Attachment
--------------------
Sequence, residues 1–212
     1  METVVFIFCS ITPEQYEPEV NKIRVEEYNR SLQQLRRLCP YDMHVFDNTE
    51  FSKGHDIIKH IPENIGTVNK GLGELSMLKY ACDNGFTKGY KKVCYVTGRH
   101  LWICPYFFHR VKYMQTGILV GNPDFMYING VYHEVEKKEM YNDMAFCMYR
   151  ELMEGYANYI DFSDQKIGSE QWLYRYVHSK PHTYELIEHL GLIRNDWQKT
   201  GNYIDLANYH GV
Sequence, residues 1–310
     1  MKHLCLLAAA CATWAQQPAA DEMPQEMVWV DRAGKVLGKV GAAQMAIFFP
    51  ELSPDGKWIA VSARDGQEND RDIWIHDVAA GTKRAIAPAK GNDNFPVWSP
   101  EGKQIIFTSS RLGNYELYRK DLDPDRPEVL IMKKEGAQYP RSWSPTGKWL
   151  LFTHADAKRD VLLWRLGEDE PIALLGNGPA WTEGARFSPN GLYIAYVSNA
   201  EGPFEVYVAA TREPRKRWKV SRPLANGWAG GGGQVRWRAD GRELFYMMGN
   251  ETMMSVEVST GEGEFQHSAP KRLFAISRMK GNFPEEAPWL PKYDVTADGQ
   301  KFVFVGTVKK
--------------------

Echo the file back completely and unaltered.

Sequence, residues 1–212
     1  METVVFIFCS ITPEQYEPEV NKIRVEEYNR SLQQLRRLCP YDMHVFDNTE
    51  FSKGHDIIKH IPENIGTVNK GLGELSMLKY ACDNGFTKGY KKVCYVTGRH
   101  LWICPYFFHR VKYMQTGILV GNPDFMYING VYHEVEKKEM YNDMAFCMYR
   151  ELMEGYANYI DFSDQKIGSE QWLYRYVHSK PHTYELIEHL GLIRNDWQKT
   201  GNYIDLANYH GV
Sequence, residues 1–310
     1  MKHLCLLAAA CATWAQQPAA DEMPQEMVWV DRAGKVLGKV GAAQMAIFFP
    51  ELSPDGKWIA VSARDGQEND RDIWIHDVAA GTKRAIAPAK GNDNFPVWSP
   101  EGKQIIFTSS RLGNYELYRK DLDPDRPEVL IMKKEGAQYP RSWSPTGKWL
   151  LFTHADAKRD VLLWRLGEDE PIALLGNGPA WTEGARFSPN GLYIAYVSNA
   201  EGPFEVYVAA TREPRKRWKV SRPLANGWAG GGGQVRWRAD GRELFYMMGN
   251  ETMMSVEVST GEGEFQHSAP KRLFAISRMK GNFPEEAPWL PKYDVTADGQ
   301  KFVFVGTVKK